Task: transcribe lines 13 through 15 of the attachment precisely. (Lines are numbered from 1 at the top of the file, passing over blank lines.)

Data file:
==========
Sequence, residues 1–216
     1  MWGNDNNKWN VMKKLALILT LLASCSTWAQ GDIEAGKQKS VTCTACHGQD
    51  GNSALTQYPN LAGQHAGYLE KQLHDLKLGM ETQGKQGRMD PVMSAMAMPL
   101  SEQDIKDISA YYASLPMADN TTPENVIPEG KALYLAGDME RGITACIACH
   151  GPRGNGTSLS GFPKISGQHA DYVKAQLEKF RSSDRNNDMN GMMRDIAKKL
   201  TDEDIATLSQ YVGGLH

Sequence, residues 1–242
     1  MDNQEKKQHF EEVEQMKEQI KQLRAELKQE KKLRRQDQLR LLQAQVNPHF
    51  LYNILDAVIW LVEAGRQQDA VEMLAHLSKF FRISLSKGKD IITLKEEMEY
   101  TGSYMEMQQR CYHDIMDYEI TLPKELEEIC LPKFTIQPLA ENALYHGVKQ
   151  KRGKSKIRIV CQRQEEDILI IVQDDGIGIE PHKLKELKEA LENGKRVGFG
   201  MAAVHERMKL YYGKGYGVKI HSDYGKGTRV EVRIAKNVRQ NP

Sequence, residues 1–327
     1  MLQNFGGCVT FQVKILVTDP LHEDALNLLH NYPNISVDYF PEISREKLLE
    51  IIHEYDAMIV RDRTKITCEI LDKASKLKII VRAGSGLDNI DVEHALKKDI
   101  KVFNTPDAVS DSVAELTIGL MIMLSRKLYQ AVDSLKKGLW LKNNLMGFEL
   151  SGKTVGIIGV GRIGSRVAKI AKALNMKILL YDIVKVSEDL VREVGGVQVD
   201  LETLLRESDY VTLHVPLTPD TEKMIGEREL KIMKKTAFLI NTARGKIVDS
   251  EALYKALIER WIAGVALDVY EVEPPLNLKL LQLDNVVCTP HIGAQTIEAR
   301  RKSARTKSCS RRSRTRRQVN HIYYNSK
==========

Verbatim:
Sequence, residues 1–327
     1  MLQNFGGCVT FQVKILVTDP LHEDALNLLH NYPNISVDYF PEISREKLLE
    51  IIHEYDAMIV RDRTKITCEI LDKASKLKII VRAGSGLDNI DVEHALKKDI